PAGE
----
In February 2019, Genentech/ Roche Group announced the FDA has approved Herceptin Hylecta (trastuzumab and hyaluronidase-oysk) for subcutaneous injection for the treatment of certain people with HER2-positive early breast cancer (node-positive, or node-negative and ER/PR-negative or with one high-risk feature) in combination with chemotherapy and HER2 positive metastatic breast cancer in combination with paclitaxel or alone in people who have received one or more chemotherapy regimens for metastatic disease. This new treatment includes the same monoclonal antibody as intravenous Herceptin in combination with recombinant human hyaluronidase PH20, an enzyme that helps to deliver trastuzumab under the skin. Herceptin Hylecta is a ready-to-use formulation that can be administered in two to five minutes, compared to 30 to 90 minutes for intravenous Herceptin.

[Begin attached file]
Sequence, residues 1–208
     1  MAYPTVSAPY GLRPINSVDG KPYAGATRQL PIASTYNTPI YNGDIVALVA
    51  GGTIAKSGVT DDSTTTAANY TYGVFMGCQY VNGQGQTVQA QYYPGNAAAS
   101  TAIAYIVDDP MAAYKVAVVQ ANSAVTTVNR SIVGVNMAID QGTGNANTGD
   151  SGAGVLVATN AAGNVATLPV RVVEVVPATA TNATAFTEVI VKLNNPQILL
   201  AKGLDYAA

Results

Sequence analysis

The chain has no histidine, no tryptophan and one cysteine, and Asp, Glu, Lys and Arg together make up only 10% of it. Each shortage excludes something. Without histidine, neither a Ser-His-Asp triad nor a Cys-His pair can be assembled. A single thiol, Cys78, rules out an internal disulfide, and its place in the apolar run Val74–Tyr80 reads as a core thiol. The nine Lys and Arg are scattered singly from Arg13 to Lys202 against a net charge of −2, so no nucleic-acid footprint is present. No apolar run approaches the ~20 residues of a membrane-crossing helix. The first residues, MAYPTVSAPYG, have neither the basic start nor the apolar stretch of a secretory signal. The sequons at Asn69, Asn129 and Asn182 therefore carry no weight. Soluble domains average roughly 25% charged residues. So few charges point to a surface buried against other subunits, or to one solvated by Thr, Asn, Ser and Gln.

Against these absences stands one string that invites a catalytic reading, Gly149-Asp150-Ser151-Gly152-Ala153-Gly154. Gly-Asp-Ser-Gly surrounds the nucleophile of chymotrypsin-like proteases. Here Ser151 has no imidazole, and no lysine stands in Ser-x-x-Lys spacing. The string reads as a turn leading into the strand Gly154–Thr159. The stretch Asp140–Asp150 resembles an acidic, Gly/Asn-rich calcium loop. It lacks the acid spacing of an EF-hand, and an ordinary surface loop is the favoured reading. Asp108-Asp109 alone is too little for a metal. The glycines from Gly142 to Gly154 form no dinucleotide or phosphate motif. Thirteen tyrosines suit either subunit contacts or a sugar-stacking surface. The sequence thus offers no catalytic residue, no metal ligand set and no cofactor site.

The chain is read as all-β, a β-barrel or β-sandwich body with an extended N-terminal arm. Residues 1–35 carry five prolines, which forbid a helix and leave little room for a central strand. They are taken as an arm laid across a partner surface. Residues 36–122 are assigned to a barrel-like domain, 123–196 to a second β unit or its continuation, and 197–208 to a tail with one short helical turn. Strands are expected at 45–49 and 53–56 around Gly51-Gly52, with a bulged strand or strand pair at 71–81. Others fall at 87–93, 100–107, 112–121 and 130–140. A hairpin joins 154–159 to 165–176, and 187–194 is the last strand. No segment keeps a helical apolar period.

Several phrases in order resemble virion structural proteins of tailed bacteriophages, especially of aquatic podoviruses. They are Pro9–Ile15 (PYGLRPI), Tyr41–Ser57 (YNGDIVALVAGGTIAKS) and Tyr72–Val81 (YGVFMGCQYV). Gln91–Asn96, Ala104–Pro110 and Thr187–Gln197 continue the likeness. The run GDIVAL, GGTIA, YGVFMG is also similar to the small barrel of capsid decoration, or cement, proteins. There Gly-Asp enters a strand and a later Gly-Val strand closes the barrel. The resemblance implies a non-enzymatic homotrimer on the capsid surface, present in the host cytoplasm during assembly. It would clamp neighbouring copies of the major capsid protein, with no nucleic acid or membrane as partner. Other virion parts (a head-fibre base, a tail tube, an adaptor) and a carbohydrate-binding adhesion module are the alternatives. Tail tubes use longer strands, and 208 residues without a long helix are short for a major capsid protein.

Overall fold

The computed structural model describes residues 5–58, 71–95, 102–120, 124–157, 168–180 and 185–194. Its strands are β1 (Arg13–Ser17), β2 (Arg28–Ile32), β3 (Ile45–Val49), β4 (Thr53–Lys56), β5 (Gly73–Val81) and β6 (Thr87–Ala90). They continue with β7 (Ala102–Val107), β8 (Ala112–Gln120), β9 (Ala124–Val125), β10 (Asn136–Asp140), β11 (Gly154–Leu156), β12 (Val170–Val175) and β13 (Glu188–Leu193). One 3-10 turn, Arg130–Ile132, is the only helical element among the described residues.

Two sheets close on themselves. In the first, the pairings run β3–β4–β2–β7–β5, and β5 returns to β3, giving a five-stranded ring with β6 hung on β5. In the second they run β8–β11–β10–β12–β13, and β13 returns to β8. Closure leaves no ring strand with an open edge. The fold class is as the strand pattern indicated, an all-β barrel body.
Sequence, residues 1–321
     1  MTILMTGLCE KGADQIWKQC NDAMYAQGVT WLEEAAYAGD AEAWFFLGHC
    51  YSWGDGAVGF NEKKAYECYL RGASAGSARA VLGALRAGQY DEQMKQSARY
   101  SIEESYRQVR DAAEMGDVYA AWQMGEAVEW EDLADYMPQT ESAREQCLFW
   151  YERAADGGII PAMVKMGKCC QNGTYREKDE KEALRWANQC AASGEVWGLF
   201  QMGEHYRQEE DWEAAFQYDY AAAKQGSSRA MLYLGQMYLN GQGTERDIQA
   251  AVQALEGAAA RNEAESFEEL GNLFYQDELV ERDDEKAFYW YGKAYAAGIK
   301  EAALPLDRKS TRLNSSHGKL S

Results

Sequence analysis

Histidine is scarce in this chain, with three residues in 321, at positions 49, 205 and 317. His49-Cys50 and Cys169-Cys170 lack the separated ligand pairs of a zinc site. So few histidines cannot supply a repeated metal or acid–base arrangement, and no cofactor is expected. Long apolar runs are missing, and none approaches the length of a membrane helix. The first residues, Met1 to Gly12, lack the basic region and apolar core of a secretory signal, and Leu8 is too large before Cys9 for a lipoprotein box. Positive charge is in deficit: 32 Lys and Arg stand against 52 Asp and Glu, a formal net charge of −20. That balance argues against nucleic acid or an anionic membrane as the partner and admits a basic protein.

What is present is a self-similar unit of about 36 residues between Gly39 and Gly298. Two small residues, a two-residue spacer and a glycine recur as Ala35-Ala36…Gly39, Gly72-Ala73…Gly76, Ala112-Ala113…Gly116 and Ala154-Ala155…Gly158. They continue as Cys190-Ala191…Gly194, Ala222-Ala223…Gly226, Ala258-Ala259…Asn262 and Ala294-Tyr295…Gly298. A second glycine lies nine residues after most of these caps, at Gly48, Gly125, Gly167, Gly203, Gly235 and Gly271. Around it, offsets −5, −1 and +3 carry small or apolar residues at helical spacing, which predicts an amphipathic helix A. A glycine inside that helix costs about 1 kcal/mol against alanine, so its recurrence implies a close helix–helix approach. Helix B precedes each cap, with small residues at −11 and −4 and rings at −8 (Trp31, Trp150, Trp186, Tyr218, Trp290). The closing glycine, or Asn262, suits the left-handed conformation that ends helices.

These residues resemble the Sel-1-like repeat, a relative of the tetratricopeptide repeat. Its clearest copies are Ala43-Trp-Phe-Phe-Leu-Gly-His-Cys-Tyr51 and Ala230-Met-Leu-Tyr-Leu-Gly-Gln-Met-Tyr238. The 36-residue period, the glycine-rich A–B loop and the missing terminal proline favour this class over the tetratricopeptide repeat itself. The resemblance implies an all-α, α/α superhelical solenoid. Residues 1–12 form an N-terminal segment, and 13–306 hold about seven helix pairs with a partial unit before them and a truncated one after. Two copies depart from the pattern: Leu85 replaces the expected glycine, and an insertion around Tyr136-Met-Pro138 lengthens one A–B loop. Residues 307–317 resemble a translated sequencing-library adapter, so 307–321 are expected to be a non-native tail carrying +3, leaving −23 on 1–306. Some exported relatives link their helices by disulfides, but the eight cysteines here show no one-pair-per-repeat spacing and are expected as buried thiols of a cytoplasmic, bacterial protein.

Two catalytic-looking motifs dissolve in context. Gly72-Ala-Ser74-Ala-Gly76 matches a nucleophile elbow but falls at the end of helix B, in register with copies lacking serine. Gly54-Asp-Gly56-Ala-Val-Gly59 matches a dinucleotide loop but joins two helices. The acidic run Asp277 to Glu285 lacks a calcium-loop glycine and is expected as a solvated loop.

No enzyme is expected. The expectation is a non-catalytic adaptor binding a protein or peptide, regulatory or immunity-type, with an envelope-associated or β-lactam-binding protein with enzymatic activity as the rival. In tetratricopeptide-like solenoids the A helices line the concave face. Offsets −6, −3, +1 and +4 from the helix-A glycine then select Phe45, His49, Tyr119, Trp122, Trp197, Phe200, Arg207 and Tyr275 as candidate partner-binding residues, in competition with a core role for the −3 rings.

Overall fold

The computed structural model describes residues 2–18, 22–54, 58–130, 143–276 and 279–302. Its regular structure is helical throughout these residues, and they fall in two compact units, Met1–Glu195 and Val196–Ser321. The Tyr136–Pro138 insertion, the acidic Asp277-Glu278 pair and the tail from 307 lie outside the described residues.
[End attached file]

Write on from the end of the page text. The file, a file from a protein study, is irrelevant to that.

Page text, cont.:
Herceptin Hylecta

Perjeta (pertuzumab)

First approved in 2013, Genentech/Roche’s Perjeta (pertuzumab) is a second-generation targeted drug family, which elicits similar effects to Herceptin and can significantly promote survival outcomes. Research shows that adding pertuzumab to Herceptin and chemotherapy as part of first-line therapy for HER2 positive metastatic breast cancer lengthens lives with few additional side effects. Based on this data, the combination of trastuzumab, pertuzumab, and chemotherapy has become a standard of care for the first-line treatment of untreated metastatic HER2 positive breast cancer. Pertuzumab is an intravenous medication and generally causes few side effects, although it can occasionally cause diarrhoea. Pertuzumab was approved by FDA in 2017 as a neoadjuvant therapy in combination with trastuzumab and cytotoxic chemotherapy. Research shows that pertuzumab in combination with trastuzumab is more effective in the blockade of HER2 signaling pathways in vitro and in vivo than either antibody alone and has transformed the drug’s role, making it a highly lucrative therapy: EvaluatePharma estimated Perjeta’s 2022 sales at $4.73 billion, up from about $1.9 billion in 2016.


Kadcyla (ado-trastuzumab emtansine)